4. Nice article. We are in the same process where we need to decide if we continue with cloud of switch to on Prem. The main argument to go on prem seems to be for the enterprises that dont want to go cloud. Thats not our case. For us, on prem is interesting for the possibility to centralize on BI Portal with SSRs reports, report builder and power bi. One shop stop for the users. With cloud, only power bi reports ends up there (as of today, I understand Microsoft road map might evoluate regarding the possibility to publish SSRS on PBI.com) . Also, the folder management is a simple feature but very interesting to organise and controle who can do what on the BI portal. The subfolder is also interesting for good department document organisation Can’t do that on cloud workspace. So to me On Prem seems more like an enterprise BI portal then PBI.com. But I don’t have the feeling that is what Microsoft want to promote. Any thought on that?

    1. Hi, Patrick. Microsoft is definitely pushing cloud first. You get many more features in the cloud with a faster delivery cadence. They have committed to delivering SSRS paginated reports through PowerBI.com, so that is definitely coming. You will also see some changes to workspaces that should make things a little easier. With the addition of SSRS reports, you should be able to use Power BI as a BI portal with Power BI reports and dashboards, Excel, reports, and SSRS reports. An alternative is to create your own portal on a website or in SharePoint. I have seen a few people do this with great success. Also, look for increased admin functionality in PowerBI.com that will make enterprise management easier. For a list of upcoming Power BI features, you can reference http://aka.ms/businessapplicationsreleasenotes

  5. I am assessing the limitations of Power BI Report Server. My main concern is shared data sources. From what I’ve read there is a significant manual administration overhead to explictly configure data source connections in each PBIRS report (data sources cannot be shared).

    https://community.powerbi.com/t5/Report-Server/Shared-data-sources-on-premise/td-p/331573

    https://ideas.powerbi.com/forums/265200-power-bi-ideas/suggestions/19832149-shared-data-source-connection-live-to-tabular-ssa

    This should be fine to start on a small scale, but looks like a a potential showstopper for the roll-out and maintenance of enterprise on-premise Power BI reporting.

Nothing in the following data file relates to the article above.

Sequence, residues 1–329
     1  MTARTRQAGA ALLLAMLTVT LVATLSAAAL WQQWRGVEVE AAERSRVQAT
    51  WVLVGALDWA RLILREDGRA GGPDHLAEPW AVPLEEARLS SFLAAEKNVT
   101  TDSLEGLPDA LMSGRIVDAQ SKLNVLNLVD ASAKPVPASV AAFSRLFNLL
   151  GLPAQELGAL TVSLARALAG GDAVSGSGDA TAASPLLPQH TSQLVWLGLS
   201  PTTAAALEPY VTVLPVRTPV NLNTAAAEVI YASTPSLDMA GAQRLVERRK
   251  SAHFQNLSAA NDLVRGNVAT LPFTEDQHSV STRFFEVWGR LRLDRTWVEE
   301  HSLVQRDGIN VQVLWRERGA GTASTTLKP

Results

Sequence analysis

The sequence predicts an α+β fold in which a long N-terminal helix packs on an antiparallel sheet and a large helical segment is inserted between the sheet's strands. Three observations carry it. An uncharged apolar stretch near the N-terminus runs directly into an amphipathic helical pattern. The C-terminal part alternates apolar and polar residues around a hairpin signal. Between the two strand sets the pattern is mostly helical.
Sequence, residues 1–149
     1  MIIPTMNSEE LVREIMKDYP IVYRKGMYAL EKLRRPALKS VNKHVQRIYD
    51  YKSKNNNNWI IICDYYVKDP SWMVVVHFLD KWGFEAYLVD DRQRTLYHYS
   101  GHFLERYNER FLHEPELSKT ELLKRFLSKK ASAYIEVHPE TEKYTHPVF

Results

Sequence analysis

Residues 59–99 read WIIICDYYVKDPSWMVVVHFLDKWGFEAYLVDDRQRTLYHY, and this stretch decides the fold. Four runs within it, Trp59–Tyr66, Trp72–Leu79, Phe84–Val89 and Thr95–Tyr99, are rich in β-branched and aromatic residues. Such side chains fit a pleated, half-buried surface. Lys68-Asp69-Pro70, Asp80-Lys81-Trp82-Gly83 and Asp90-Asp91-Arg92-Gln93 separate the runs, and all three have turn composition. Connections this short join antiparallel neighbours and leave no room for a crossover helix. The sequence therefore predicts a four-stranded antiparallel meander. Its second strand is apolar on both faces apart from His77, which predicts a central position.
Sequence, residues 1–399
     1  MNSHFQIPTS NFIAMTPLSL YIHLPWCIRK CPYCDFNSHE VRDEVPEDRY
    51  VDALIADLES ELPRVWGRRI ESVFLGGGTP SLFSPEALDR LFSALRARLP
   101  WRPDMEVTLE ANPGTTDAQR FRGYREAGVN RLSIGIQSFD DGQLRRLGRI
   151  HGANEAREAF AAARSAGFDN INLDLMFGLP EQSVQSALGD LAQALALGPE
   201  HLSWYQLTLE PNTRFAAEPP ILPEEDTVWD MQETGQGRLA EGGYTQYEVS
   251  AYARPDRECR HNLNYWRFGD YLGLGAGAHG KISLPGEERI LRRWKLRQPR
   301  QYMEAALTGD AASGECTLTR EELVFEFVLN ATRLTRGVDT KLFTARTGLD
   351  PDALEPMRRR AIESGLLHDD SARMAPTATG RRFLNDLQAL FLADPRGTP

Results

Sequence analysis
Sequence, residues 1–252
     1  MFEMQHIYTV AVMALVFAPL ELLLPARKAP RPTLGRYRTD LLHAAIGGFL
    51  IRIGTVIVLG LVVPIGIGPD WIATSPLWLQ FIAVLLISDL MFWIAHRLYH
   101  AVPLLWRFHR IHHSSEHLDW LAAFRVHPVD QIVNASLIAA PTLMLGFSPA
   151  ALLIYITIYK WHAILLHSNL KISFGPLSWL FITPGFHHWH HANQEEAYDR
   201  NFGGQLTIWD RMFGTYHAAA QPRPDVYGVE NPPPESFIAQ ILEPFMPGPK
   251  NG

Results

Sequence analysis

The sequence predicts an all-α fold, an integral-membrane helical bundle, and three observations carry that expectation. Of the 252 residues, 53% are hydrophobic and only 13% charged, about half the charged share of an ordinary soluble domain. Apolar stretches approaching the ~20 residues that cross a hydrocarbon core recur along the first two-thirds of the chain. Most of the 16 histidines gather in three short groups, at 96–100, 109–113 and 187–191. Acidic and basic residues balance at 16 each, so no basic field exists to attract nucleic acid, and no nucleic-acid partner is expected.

Does anyone have any experience of managing a large scale PBIRS implementaion? (Note: Office365 and cloud Power BI Service is unlilkey to happen at my organisation in the near future, so stuck with evaluating Power Bi on-premise)

    1. Hi, John. You are correct that Power BI report data sources cannot be shared in PBIRS. I’m aware of two ways to handle this.
      1) If all reports are pointing to the same database on a server, you can try changing the host file (https://community.powerbi.com/t5/Report-Server/Power-BI-Reports-Connection-String-change-on-Power-BI-Report/m-p/402294/highlight/true#M5290) Note that it requires restarting the PBIRS instance to take effect.
      2) You can use PowerShell to unzip the PBIX file and modify the connection strings before deploying to PBIRS. If you need to change connection strings on already deployed reports, you can export them and run the PowerShell script, and then re-deploy them. (https://www.blue-granite.com/blog/power-bi-report-server-devops)
      I’m a fan of the idea for larger implementations that anyone can deploy to a dev environment/folder, but an automated process should deploy to production. The whole unzip and change connection isn’t necessarily supported by Microsoft, but it works well.

  6. Thanks Meagan, good to know there are options to manage this. Looks like the upshot is additional IT sweat to wrestle with the nuances and limitations of PBIRS. We have SQL Server EE + SA so looking cost effective. We’re on a creaky BusinessObjects legacy plaform at the moment so new-fangled Data Viz from Power BI will impress. Some steep learning ahead.

  7. Hi Meagan – My org has deployed a new Power BI Premium virtual server in our cloud environment running ‘Report Server’. Unfortunately, we can’t save our .pbix files to the BI ‘Report Server’ due to incompatibility (.pbix files designed via Nov 2018 desktop client). After some research, there doesn’t appear to be a workaround for that scenario. We have ~1k users with no BI license or desktop app who require web (only) access to our files. I’m currently publishing those those files to ‘My Workspace’ for a handful of Pro license users. Is the publish to ‘App Workspace’ option the next best alternative for those 1k users? My apologies if there is an obvious best approach as I’m somewhat going in circles with all the documentation.